The impact of lockdown on children and young people with learning difficulties has been hugely unsettling. While a minority of SEND families have found lockdown a beneficial retreat from the stresses and strains of everyday life, most are finding behaviour management, homeschooling and other aspects of lockdown a major challenge.
Financial pressures from loss of income, pressures of work, and a lack of respite from a persistent highly intense environment are all taking their toll. Even small things like accessing shopping slots online have become difficult, adding to an already stressful situation. A recent report in the Guardian highlights how parents of disabled children are buckling, being left to care 24/7 for their child’s complex needs without any of the support they usually receive.
A Sussex-based charity has conducted a survey to uncover the real impact of the Coronavirus lockdown on SEND families.
Reaching Families, a charitable organisation set up to inform and support parents and families of children and young people with special educational needs and disabilities in West Sussex, surveyed 415 parent-carers of children with a wide spectrum of needs.
Responses indicate that the current situation is taking a heavy toll on families caring for a child or young person with learning disabilities. Two thirds of respondents reported that they are suffering from significant mental exhaustion as a direct result of circumstances brought about by the pandemic and 51% are feeling physically exhausted. Almost half are struggling to sleep.
Many are finding it difficult to cope. It is an experience echoed by some of our own Members.
“We are strong, stronger than people who don’t experience our lives. We have better coping mechanisms. But after all of this I have no idea how we as parent-carers will be…”
Here’s a summary of the key takeaways and recommendations from the Reaching Families Report.
- 48% of families have lost income since the lockdown
- 43% of children with SEND are having significant problems with mental health
- 65% of parent-carers described themselves as suffering from significant mental exhaustion and 51% say they are physically exhausted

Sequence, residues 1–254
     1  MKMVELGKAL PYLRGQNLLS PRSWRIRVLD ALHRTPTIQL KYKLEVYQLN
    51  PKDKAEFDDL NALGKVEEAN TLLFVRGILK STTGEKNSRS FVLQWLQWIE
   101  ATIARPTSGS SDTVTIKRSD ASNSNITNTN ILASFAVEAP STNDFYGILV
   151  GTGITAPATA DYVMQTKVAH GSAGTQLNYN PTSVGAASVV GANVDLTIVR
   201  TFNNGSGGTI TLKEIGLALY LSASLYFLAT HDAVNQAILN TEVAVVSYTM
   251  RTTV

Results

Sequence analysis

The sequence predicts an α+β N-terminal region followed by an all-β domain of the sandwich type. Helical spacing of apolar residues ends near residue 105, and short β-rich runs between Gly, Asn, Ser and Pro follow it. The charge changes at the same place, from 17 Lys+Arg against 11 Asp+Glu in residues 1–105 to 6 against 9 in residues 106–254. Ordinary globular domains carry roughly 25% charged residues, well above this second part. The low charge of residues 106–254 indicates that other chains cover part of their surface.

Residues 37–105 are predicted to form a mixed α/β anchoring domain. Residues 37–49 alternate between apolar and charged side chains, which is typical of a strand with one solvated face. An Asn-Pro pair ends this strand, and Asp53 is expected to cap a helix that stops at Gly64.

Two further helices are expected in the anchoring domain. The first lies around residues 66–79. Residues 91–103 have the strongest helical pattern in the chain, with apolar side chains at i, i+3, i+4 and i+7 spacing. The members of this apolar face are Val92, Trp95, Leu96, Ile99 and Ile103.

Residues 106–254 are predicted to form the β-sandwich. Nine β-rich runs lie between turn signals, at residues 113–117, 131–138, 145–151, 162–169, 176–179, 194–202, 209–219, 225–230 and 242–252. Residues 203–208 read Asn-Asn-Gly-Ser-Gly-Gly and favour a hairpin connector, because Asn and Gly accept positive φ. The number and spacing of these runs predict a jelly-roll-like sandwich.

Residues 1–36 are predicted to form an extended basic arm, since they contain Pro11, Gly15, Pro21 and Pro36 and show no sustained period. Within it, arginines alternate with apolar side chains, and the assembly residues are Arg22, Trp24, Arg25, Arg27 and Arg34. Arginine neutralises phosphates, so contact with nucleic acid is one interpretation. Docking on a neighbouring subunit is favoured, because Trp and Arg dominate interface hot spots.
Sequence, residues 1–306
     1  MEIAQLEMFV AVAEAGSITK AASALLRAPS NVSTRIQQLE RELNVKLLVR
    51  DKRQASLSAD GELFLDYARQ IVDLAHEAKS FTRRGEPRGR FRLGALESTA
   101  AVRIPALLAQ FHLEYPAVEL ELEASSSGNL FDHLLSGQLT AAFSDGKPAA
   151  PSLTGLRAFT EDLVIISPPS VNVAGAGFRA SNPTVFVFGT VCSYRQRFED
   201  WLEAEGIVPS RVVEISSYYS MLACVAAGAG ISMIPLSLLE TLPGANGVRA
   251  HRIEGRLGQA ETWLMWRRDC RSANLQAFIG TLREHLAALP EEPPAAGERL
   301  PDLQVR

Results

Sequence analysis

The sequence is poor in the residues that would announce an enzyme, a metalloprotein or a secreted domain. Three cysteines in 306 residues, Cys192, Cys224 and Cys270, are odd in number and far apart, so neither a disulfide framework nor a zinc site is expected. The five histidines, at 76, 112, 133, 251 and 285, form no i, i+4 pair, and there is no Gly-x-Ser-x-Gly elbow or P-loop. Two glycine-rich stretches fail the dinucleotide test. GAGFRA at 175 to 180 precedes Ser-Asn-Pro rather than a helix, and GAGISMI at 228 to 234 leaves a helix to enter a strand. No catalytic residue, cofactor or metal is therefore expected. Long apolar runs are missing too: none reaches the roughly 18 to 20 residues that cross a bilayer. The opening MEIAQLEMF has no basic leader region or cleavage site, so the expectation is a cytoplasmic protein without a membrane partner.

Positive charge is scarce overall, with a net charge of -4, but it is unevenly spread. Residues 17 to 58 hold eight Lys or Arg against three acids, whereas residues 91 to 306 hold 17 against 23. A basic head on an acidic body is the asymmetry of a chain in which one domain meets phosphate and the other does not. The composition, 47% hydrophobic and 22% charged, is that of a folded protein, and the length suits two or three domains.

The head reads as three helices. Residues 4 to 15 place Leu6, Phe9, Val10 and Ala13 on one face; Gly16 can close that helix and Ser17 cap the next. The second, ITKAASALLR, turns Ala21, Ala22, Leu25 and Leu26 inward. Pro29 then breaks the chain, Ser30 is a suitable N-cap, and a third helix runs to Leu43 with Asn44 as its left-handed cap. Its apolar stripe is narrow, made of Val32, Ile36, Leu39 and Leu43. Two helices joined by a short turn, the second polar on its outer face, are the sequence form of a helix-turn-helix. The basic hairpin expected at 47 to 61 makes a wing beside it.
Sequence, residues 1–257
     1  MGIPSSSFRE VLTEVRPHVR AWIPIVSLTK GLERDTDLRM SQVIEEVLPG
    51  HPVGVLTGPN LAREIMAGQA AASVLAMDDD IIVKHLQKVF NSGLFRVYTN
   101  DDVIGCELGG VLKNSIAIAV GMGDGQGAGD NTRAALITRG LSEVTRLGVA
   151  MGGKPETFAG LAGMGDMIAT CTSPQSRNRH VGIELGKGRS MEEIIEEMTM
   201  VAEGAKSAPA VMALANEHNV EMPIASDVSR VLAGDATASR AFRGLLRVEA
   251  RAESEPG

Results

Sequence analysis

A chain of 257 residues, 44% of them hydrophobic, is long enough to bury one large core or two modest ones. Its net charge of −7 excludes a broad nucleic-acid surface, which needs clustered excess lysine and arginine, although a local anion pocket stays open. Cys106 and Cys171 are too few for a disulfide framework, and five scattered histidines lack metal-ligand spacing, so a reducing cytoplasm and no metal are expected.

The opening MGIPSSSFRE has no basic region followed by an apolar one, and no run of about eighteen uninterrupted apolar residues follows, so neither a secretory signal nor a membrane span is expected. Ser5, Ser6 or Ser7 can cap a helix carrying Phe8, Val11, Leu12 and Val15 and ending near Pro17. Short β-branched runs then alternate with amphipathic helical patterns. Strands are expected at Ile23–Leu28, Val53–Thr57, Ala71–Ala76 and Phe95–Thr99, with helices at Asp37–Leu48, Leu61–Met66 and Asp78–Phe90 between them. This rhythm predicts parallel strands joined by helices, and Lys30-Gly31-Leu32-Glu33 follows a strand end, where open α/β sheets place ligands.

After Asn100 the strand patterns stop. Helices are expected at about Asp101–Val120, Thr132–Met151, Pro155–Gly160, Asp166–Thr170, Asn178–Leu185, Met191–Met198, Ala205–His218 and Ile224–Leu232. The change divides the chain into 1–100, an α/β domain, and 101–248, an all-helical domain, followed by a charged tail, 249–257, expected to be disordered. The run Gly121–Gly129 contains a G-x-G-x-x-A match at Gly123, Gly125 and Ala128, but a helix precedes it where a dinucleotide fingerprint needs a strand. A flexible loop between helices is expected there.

- 51% of parents say they have had a significant increase in anxiety and/or depression
- 67% of parents said they are having significant struggles with homeschooling their children
- 34% of families say they are receiving support from their child’s school
- Of those families who usually have paid carers, 12% are still receiving support
- 47% of children who were due medical appointments have missed these as a result of being in self-isolation.
- 67% of families are having significant problems with online deliveries, click and collect and accessing vulnerable time slots
- 90% of parents think the government should classify SEND families as a vulnerable group
- 69% of parents said their child did not meet the government definition of clinically vulnerable
“I am exhausted and feel like I have nothing left to give. Our family feels like it’s falling apart to be honest.”
Classify families of children with SEND as a vulnerable group
Parent-carers overwhelmingly agree that the government should classify families of children with SEND as a vulnerable group (90% answered in the affirmative to this question). Many parents in the survey said they felt abandoned or forgotten by the government.
Increase investment in mental health support
There is an urgent need for increased funding for mental health services to support the mental well-being of families with SEND. Parents emphasised the need for mental health support for both children and parents.
Provide additional support to transition SEND children back to school
There is a pressing need for support in transitioning children back to school.
“I think my biggest challenge is when we come out of lockdown as my eldest son will have collapsed his “safe zone” entirely into this house. Stretching that once we are out is likely to be challenging for some time.”
Increase DLA payments
Financial stability for SEND families needs to be addressed. This could easily be done through increased DLA payments during the pandemic.
Read the full Reaching Families Report here.